Despite the growing involvement of people in poverty in social policy, their participation does not necessarily take place on a par with policymakers, as the latter often do not really embrace their demands for social justice. It is, therefore, argued that social work has a role to play in the process of merging knowledge of people in poverty with that of policymakers and other stakeholders by representing their perspectives in public debate.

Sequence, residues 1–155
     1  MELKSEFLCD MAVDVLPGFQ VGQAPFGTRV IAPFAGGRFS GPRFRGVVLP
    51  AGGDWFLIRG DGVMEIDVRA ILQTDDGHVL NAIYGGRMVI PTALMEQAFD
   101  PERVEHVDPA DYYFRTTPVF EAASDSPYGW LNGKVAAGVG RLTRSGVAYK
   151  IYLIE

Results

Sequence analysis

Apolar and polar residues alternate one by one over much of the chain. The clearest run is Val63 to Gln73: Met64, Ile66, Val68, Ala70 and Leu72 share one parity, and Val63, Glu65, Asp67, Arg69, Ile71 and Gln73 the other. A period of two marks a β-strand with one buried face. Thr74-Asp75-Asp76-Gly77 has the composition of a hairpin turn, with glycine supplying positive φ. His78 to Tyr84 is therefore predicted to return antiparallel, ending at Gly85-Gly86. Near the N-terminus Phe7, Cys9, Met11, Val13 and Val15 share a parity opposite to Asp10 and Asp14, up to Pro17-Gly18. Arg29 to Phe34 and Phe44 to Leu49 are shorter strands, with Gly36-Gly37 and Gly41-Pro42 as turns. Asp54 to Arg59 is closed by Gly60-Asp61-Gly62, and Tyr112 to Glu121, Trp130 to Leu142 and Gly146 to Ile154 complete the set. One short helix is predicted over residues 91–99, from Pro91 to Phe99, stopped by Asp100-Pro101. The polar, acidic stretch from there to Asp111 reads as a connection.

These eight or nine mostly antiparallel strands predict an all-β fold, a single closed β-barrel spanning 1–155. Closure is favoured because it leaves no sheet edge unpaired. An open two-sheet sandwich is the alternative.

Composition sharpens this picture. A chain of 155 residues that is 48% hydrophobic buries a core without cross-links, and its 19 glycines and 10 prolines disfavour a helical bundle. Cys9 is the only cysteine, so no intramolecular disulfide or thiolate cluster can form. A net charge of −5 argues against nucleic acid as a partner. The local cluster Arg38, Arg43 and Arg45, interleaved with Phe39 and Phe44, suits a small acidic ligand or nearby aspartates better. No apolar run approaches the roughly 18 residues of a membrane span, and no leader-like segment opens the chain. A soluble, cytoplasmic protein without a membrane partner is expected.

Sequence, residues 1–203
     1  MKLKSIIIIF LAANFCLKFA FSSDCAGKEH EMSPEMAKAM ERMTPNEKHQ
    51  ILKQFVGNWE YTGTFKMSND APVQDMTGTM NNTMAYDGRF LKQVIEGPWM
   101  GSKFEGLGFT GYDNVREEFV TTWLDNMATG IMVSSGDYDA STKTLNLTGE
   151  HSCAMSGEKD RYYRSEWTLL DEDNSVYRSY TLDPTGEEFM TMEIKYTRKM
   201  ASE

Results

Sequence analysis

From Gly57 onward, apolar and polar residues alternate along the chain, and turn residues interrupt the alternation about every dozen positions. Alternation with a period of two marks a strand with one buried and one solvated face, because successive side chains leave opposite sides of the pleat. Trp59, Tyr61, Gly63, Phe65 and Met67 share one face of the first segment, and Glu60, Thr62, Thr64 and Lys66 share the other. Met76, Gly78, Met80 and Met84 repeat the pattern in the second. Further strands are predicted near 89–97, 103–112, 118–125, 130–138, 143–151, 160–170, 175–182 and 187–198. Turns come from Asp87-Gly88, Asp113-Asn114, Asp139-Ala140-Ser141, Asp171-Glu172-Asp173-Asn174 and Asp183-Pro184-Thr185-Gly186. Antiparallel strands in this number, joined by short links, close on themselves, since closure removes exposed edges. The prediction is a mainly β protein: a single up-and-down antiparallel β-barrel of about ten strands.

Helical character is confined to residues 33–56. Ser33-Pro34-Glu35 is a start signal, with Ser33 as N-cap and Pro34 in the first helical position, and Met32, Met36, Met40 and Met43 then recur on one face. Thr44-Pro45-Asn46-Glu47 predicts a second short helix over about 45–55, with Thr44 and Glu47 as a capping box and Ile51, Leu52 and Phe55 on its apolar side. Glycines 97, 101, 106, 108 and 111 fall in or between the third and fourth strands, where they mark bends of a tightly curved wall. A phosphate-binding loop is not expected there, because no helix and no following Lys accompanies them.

By drawing on an in‐depth qualitative research of five “Associations where People in Poverty Raise their Voice” (Belgium), the complexity of the direct participation of people in poverty in such a politics of representation is analyzed, as well as the different roles social work practitioners can take on in dealing with this complexity. Here, two roles are distinguished: “a guardian of collective and transformative elements”; and “a strategical chess player.” We conclude that practitioners need to reflect critically on participatory premises and practices and consider whether these strategies actually contribute to societal change. However, the ideal of parity of participation entails that such strategic considerations should always be collaboratively discussed with people in poverty.